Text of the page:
Discrimination Laws

Discrimination laws protect people from being treated differently, given opportunity differently, or serviced differently based on their color, race, national origin, religion, gender, or disability.

Employment Discrimination

There are many forms of discrimination in a place of work. Harassment can also take place in businesses and organizations. While it is sometimes overt misconduct (for example racial slurs) sometimes it is very subtle (for example when pay increases are less for no other reason than someone’s protected classification). When one of these protected characteristics is present and someone is treated differently because of them, then it is discrimination. If an individual who is a woman, a minority, or has a disability is passed over from promotions again and again despite their qualifications for the position, then there are grounds for discrimination. This discrimination is illegal in any aspect of employment: who gets hired, fired, promoted, how people are compensated, what benefits they are offered, what positions they are considered for and on and on. Executive Order 11246 is the law watched closely by the Office of Federal Contract Compliance Programs (OFCCP). Unfair treatment of employees by an employer is dependent on workplace actions like firing, hiring, promoting or demoting based on a prejudice. Affirmative action is can help insulate an employer from such claims. Some states have laws on the books regarding the prohibition of discrimination which are even more strict that the federal law. It's important that employers do an investigation into any claim of workplace harassment, employment discrimination or any other workplace conflict in a way that reduces the chance that the organization is legally liable. Resolve situations such as these in a way that all parties are clear on what the right and wrong things to do in the workplace.

Equal Pay Act

Employment discrimination is held by the courts to have occurred when a job applicant or an employee is treated unfairly because of their gender, race, national origin, age, religion, disability, or familial status (i.e. pregnancy). The Equal Pay Act (EPA) prohibits unions or employers from compensating differently based on the worker’s gender. Anyone who has one of the protected characteristics is a member of a protected class. Even if the individual is not a member of a protected class, if the employer perceives that the employee or applicant is a member of a protected class then that individual can be discriminated against. A refusal to hire an individual, more harsh discipline, refusal to promote, less pay, unfair termination, or a denial of training are all examples of forms that discrimination can take. Go here for a fuller definition of discrimination.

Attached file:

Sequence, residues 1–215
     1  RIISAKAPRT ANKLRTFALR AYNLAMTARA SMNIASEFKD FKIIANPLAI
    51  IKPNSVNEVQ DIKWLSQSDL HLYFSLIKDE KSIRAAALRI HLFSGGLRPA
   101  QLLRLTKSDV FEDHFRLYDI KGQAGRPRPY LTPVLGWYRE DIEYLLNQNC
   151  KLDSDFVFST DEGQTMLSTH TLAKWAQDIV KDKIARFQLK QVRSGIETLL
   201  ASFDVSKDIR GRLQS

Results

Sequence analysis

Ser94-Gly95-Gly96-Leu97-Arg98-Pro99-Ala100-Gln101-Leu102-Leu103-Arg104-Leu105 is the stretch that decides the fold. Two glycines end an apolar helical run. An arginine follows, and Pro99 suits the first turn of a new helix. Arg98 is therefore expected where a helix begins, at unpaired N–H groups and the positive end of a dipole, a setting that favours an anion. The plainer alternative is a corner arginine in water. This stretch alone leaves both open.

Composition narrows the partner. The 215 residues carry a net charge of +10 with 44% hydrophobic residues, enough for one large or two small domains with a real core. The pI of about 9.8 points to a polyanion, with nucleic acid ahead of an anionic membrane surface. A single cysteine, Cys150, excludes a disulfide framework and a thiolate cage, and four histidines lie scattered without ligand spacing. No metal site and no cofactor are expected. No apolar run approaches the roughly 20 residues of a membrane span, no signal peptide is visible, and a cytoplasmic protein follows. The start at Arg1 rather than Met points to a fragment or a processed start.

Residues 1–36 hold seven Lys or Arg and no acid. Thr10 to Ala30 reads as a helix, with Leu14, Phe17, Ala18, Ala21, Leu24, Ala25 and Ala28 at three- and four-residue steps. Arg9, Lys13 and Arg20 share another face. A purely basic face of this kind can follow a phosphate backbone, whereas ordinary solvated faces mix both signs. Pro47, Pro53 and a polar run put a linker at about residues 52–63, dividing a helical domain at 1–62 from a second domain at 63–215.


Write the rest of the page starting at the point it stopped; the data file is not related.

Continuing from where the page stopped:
Fair Labor Standards Act (FLSA)

If an employee is working in some aspect of commerce on an interstate level then The Fair Labor Standards Act applies to them. An employer's workers are also protected by this act if the enterprise engages in a significant amount of interstate commerce as a whole. Wage and hour regulations for many American workers are governed by the FLSA (Fair Labor Standards Act). For help in writing a legal and compliant handbook go here.

Title VII of the Civil Rights Act of 1964

While the statistics on harassment in the workplace favors it being a gender equality issue, it’s actually not. The behaviors prohibited by law are regardless of the victim’s sex or sexual orientation. Both sexes have been sexually harassed (unwanted advances, jokes and innuendo, offering advancement in exchange for sexual favors) in the workplace and it is illegal in all cases. For more information on protections provided by The Civil Rights Act of 1964 go here. Sexual harassment is a form of sex discrimination under the Civil Rights Act.

Enforcing federal laws that make workplace discrimination illegal in the United States is the responsibility of the EEOC (Equal Employment Opportunity Commission). This commission was formed by the Civil Rights Act of 1964 (Title VIII) as an organization within the federal government. The function of this agency is to enforce and interpret laws regarding workplace discrimination. In order to meet its objectives, the EEOC issues regulations interpreting the law, administers EEO laws for employees of the federal government, litigates cases of discrimination, and holds hearings. In addition, the EEOC receives discrimination charges from employees, researches these charges, and then tries to negotiate settlements between employers and employees.

The Civil Rights Act of 1964 (Title VIII) requires employers to ensure that promotions and employment cannot be based on someone’s religion, race, sex or national origin. Claims of discrimination in the workforce are investigated and any violators prosecuted by the EEOC. Anti-discrimination laws that protect employees from discrimination are also implemented by the agency. Many states (and even companies) have agencies that are like the EEOC to hand charges of discrimination at the local level.

Age Discrimination (Age Discrimination in Employment Act (ADEA))

How can age equality be achieved? In both the United States public policy can be effective in increasing gender equality. People in an industrialized nation must continue to encourage people to step beyond stereotypes and divorce the idea of age from the contributions of an individual. Age stereotypes are difficult to break because individuals are all apt to engage in stereotyping sometimes. It’s important to research the biases and measure inequality so that we one understand how to effect change. For more information on the Age Discrimination in Employment Act go here.

American With Disabilities Act (ADA)